Antony Jenkins, former CEO of Barclays and executive chair of fintech firm 10x Future Technologies; Rebecca Aston, then CISI head of professional standards; and Stuart Coleman, head of data, analytics and AI at 10x Future Technologies.
In an article for AMEinfo.com, a Middle East business news site, Hadi Khatib writes about an upcoming “new era” of artificial intelligence (AI) called ‘artificial general intelligence’ (AGI).
AGI will differ from AI in that it will be able to “master new skills quickly, perhaps by watching a single demonstration or just by reading, with no training at all, and maybe entirely at its own initiative”, compared to current AI, which is good at a specific skill, like facial recognition, after learning from millions of examples.
It “will make humans look slow and inadequate in comparison”, writes Khatib, and “would make all the technological wonders of today’s AI look as quaint as Stone Age axe heads”.
He says that big tech has invested money in its “quest for AGI”, giving examples of Microsoft and Alphabet Inc both sponsoring two separate research and development companies with a focus on developing advanced AI. He also refers to a report from US-based research firm Mind Commerce that forecasts that investment in AGI will reach US$50bn by 2023.
But AGI is still a way off, and, before we start considering its implications, there are important applications and ethical questions for the current ‘Stone Age’ technology that are the topic of a recent CISI podcast, outlined below.
Podcast for non-members Podcast for members – earn 45 minutes CPDThe ethics of AI in financial services
The podcast, published in December 2019, features Rebecca Aston, then head of professional standards at the Institute, chatting to Antony Jenkins, executive chair of fintech firm 10x Future Technologies, and Stuart Coleman, head of data, analytics and AI at 10x Future Technologies.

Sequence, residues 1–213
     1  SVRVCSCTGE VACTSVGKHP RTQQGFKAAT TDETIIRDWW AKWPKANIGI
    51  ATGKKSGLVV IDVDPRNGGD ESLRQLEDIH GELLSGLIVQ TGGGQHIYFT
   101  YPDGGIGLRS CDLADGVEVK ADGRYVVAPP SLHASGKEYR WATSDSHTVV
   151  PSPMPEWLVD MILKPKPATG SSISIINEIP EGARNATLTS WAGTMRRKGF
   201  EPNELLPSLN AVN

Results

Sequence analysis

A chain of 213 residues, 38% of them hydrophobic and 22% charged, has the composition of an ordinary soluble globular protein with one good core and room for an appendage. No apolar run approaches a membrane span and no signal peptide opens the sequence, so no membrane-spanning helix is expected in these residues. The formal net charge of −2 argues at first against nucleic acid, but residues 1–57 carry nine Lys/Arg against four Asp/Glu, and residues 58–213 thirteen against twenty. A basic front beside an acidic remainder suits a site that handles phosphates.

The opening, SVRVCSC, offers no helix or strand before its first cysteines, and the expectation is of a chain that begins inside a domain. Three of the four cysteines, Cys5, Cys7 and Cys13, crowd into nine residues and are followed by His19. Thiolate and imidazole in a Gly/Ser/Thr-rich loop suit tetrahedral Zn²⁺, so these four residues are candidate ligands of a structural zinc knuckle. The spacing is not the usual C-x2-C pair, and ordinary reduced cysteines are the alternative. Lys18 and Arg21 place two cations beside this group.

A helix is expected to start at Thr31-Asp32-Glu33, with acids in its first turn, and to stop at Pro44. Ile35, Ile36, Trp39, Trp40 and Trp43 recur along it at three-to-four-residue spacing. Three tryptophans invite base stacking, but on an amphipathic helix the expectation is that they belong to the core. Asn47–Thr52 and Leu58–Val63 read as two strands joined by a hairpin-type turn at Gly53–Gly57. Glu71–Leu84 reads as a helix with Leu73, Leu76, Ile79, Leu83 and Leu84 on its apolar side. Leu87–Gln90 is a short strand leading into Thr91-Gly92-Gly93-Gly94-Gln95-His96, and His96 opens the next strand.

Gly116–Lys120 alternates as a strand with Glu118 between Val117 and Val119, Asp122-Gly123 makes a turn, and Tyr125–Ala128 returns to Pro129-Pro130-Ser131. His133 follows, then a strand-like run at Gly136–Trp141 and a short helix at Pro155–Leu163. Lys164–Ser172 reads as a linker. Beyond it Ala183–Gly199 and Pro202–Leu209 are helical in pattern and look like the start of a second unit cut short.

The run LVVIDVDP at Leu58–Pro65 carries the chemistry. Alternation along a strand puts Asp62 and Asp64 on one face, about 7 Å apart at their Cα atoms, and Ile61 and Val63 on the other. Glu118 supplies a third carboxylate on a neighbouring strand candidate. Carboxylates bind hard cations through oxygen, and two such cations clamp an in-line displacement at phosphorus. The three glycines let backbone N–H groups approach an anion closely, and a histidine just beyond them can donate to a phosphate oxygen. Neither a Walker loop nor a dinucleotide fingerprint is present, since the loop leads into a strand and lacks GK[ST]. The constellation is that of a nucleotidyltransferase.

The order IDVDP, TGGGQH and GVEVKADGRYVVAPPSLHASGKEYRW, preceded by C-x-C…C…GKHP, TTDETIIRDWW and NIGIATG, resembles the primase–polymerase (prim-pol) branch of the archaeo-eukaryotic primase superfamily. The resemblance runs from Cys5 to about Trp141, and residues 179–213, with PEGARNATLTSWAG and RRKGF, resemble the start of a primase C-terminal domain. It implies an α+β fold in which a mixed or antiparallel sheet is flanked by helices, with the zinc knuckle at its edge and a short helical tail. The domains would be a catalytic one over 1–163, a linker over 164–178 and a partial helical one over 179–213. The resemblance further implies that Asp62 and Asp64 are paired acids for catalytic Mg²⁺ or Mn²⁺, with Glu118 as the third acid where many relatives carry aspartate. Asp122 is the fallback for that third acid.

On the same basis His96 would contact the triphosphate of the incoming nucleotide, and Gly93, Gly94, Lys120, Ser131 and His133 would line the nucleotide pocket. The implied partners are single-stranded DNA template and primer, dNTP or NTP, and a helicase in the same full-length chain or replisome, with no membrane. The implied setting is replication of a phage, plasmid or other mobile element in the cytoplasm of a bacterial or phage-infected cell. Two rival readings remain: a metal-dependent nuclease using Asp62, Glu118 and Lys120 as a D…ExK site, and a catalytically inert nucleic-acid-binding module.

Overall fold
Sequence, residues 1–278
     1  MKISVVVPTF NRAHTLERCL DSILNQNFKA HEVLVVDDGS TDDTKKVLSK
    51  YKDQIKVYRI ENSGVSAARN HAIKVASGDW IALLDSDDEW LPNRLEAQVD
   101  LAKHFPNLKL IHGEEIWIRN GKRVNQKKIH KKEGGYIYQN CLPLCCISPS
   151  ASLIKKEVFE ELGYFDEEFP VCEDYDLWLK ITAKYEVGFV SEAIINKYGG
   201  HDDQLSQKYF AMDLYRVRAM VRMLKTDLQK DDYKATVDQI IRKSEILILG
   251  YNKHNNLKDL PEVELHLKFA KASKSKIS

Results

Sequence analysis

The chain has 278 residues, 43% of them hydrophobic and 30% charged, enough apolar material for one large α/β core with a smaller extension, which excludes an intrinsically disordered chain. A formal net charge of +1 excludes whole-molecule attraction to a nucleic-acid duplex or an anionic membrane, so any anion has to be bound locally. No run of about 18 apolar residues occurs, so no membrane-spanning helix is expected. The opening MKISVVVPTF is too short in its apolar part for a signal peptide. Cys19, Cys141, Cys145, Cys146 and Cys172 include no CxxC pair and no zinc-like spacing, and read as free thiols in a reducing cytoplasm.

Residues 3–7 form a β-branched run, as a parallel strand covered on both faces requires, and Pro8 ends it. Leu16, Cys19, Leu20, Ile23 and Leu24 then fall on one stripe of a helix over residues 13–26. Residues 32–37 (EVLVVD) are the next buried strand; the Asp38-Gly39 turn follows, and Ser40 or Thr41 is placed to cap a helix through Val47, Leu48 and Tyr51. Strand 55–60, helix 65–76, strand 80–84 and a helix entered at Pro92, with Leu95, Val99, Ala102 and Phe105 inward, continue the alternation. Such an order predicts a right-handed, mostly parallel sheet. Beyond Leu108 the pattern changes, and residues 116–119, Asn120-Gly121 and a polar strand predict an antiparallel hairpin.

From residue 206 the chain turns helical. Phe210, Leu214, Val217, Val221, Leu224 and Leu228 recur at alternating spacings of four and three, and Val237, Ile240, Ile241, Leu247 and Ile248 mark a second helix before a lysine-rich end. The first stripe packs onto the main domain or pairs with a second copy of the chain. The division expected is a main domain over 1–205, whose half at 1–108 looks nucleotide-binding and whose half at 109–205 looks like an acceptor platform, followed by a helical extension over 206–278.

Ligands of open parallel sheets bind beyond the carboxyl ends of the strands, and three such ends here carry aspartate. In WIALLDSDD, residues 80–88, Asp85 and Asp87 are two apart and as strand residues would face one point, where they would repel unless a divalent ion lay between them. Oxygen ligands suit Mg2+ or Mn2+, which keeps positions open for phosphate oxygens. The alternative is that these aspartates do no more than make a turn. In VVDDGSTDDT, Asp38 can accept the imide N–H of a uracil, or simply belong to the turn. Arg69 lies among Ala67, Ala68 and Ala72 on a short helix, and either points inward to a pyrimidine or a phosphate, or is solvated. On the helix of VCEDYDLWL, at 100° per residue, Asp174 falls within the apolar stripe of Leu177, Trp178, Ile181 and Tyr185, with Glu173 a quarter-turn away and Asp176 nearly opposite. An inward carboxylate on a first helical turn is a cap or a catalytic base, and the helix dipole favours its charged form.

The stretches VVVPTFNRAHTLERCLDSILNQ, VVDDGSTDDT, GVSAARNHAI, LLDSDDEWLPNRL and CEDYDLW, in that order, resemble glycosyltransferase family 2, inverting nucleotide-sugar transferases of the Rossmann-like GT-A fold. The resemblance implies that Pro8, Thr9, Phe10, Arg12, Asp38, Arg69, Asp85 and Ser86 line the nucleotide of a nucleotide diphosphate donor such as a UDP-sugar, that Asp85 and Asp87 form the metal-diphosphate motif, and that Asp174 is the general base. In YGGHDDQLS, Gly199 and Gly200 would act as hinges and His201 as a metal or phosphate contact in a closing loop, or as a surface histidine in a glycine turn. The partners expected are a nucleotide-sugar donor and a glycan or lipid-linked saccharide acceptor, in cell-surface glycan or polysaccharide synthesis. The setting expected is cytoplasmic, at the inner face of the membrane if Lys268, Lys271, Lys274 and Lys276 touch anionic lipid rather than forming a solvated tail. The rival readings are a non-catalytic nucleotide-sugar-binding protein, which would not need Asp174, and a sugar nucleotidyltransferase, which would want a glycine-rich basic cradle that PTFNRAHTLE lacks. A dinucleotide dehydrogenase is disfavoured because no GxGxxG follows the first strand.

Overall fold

Coleman says that researchers in the field and the AI community say AGI isn’t a reality yet. “The image you see in films of a super-intelligent being is quite a long way away,” he says.
Applications of AI
“Areas where you make data-driven decisions, for example, credit risk assessment, the elimination of fraud, the targeting of products and services,” are the types of areas that will be impacted, Jenkins explains. He adds that automation will make the customer experience smoother.
Jenkins believes we are still “very much in the foothills” in terms of seeing improvement to customer experiences with AI, but he gives a specific use case of how it has worked in credit decisioning in the small business world.
Typically the customer would go through a scoring model and they would be approved, or not. The unapproved customers would go through a manual review. AI technology then automates that second step of the process, by having the machine observe how humans make decisions and learn autonomously how to improve that decision-making.
Jenkins explains that the AI reached a good level of ‘human’ decision-making, and the credit application process became cheaper.
Trust in the system
The podcast addresses how machine learning has progressed over the past five years, so that it now has an awareness of ethical issues. A lot of the issues that are raised surround the ideas of trust, transparency and ownership of data.
Jenkins says we must be clear what data belongs to whom, who it is linked to, what the rights to process that data are, and what the rights to monetise that data are. This is critical in the “new world” we live in, and is essential to working towards transparency, he explains. “It’s possible to paint a very dystopian and utopian set of outcomes around technology as powerful as this. It’s really for us to harness the technology in the ways I’ve described to make sure it’s beneficial,” says Jenkins.
Other ethical issues and considerations surrounding AI are connected to consent and the capacity to consent. Coleman explains that there have been techniques developed to increase transparency surrounding algorithms. He says that work is being done to break down algorithms so you can explain the lineage of data and how the decision was made, and what consent was given.
Jenkins also talks on the topic of responsibility and accountability of AI when things go wrong – who holds the power? “For me it’s clear. It sits with the organisation who has commissioned the technology … Once you allow an inanimate entity to take responsibility for human’s actions, you’re going to the wrong place,” he says.
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